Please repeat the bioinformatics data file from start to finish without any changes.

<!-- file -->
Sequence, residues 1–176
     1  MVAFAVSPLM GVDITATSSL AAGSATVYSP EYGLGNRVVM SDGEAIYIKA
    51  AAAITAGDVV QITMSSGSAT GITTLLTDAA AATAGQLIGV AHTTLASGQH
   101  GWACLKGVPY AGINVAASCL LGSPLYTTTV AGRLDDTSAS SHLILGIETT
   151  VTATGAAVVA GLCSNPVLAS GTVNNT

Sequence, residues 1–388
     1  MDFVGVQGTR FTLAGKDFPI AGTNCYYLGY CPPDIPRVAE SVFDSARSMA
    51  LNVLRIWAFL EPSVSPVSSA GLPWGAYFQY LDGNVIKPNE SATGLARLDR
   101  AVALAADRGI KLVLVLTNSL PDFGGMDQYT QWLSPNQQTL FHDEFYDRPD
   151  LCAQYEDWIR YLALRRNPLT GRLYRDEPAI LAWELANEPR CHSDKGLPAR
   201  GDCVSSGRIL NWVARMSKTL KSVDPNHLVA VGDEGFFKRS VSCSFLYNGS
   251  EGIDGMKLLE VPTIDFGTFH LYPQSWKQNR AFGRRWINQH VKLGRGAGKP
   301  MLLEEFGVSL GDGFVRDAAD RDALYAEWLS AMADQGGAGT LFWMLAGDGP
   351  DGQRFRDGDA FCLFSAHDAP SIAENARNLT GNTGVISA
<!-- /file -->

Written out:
Sequence, residues 1–176
     1  MVAFAVSPLM GVDITATSSL AAGSATVYSP EYGLGNRVVM SDGEAIYIKA
    51  AAAITAGDVV QITMSSGSAT GITTLLTDAA AATAGQLIGV AHTTLASGQH
   101  GWACLKGVPY AGINVAASCL LGSPLYTTTV AGRLDDTSAS SHLILGIETT
   151  VTATGAAVVA GLCSNPVLAS GTVNNT

Sequence, residues 1–388
     1  MDFVGVQGTR FTLAGKDFPI AGTNCYYLGY CPPDIPRVAE SVFDSARSMA
    51  LNVLRIWAFL EPSVSPVSSA GLPWGAYFQY LDGNVIKPNE SATGLARLDR
   101  AVALAADRGI KLVLVLTNSL PDFGGMDQYT QWLSPNQQTL FHDEFYDRPD
   151  LCAQYEDWIR YLALRRNPLT GRLYRDEPAI LAWELANEPR CHSDKGLPAR
   201  GDCVSSGRIL NWVARMSKTL KSVDPNHLVA VGDEGFFKRS VSCSFLYNGS
   251  EGIDGMKLLE VPTIDFGTFH LYPQSWKQNR AFGRRWINQH VKLGRGAGKP
   301  MLLEEFGVSL GDGFVRDAAD RDALYAEWLS AMADQGGAGT LFWMLAGDGP
   351  DGQRFRDGDA FCLFSAHDAP SIAENARNLT GNTGVISA